On Thursday, Russian officials revealed their intention to host a new round of talks between the Syrian government and the opposition forces fighting in that country’s civil war. Exactly what opposition forces will take a seat around the table, however, remains a mystery.
“Representatives from a larger section of the Syrian opposition,” are expected to take part in the talks, said Alexander Lukashevich, spokesman for the foreign ministry.
Deputy Foreign Minister Gennady Gatilov told news agency RIA Novosti that members of the exiled opposition Syrian National Coalition, which did not take part in the first round of talks in January, were “considering coming to Moscow” for the meeting.
Gatilov said the U.N.’s Syria peace envoy Staffan de Mistura would also take part in the talks.
With the country’s secular and nationalist opposition forces on their heels, it remains unclear if the region’s increasingly influential Islamist militant groups like ISIS and al-Nusra Front will be taking part in this conference. “’Representatives from a larger section of the Syrian opposition,’ are expected to take part in the talks, said Alexander Lukashevich, spokesman for the foreign ministry,” read a report from the Lebanon-based news outlet al-Manar.
Whatever that means.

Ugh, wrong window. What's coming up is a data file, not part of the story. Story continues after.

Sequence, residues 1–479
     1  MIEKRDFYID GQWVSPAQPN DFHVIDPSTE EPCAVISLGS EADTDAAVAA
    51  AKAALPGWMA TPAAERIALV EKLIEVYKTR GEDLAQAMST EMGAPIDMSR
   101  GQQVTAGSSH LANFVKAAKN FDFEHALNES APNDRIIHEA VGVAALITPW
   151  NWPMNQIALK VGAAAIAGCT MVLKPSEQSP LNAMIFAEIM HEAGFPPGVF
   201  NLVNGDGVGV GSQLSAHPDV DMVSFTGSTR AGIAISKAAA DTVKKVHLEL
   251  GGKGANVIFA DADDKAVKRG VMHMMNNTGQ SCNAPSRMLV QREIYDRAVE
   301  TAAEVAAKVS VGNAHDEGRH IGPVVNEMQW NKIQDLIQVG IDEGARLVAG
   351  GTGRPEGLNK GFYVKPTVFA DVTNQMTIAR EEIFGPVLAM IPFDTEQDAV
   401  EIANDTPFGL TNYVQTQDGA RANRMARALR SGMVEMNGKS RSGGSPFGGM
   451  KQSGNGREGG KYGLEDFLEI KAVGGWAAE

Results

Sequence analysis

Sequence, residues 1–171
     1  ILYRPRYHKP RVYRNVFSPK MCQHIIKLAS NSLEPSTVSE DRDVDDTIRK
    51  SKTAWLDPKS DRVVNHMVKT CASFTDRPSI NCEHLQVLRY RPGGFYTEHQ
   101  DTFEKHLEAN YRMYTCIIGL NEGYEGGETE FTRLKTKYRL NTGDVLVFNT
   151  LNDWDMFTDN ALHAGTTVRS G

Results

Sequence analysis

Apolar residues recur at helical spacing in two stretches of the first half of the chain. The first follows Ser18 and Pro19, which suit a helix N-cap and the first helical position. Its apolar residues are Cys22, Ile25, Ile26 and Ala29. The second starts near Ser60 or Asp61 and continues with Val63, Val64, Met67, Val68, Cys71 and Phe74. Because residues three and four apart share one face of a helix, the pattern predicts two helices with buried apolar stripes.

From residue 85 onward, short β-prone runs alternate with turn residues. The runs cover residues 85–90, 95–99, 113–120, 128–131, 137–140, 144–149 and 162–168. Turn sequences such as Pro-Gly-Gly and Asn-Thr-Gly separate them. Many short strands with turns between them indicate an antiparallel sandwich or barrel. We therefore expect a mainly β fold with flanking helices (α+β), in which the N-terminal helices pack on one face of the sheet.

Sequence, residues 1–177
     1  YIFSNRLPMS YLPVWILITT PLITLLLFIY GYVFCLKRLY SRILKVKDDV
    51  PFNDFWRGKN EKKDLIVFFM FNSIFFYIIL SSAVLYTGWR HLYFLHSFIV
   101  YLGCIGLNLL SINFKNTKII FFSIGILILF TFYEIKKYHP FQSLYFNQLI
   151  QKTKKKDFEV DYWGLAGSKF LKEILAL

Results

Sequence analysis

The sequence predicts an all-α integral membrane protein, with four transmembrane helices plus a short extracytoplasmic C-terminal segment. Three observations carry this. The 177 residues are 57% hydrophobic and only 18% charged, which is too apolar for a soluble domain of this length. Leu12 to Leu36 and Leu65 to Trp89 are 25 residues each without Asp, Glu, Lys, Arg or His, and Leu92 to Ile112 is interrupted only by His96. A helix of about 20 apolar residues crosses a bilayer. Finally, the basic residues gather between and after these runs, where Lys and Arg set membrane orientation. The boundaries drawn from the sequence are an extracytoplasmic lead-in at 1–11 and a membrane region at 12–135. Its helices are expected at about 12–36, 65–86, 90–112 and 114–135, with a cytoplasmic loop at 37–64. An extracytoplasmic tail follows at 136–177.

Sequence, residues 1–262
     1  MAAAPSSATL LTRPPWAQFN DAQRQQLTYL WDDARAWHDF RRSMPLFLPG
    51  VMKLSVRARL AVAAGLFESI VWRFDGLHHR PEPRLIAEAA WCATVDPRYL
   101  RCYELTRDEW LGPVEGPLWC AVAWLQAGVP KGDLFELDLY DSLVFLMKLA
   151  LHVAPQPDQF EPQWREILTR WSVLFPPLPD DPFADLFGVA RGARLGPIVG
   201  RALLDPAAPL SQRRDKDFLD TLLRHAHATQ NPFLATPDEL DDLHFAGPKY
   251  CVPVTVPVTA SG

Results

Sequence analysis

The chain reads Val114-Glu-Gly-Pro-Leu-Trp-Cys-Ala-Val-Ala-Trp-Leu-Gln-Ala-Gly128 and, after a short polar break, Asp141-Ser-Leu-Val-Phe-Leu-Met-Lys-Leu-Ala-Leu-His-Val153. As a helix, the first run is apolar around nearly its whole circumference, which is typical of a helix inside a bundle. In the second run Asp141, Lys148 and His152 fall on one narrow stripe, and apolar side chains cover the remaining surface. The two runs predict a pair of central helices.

Moscow has hosted talks between Bashar al-Assad and Syrian opposition forces before, but those have ended in failure. The Kremlin, which operates a naval base in Syria, remains one of Assad’s last remaining foreign allies and has been seeking to reduce the threat of conflicts that have the potential to topple the regime in Damascus since the civil war erupted in 2011.
But beyond security considerations, Russia contends that it derives international legitimacy by taking the lead role in facilitating peace talks in Syria. The United States passed on participating in a Russia-led diplomatic initiatives aimed at rejuvenating dialogue between warring parties in Syria, but Washington did not condemn those efforts and the United Nations continues to sanction Russia’s diplomatic work in Syria.
In February, ahead of the last round of failed talks, Russian officials trumpeted the fact that their leadership role in these talks was an indication that the West’s efforts to isolate Moscow had failed.
Despite deteriorating ties with the United States and NATO countries over Ukraine, Maxim Suchkov writes, “Russia is anything but isolated, while Europe is no longer the promised land for the state that seeks recognition of its global influence.”
Vitaly Naumkin reports that Egypt and Russia have “shared positions on a number of regional issues; closely aligned interests (particularly on fighting international terrorism); a successful track record of bilateral cooperation on various fronts; and a strong personal bond of trust between respective leaders.”
In the wake of opposition leader Boris Nemtsov’s suspicious murder and the continuing violence in Ukraine precipitated by Moscow’s agitation and destabilization, the Kremlin needs all the international legitimacy it can get.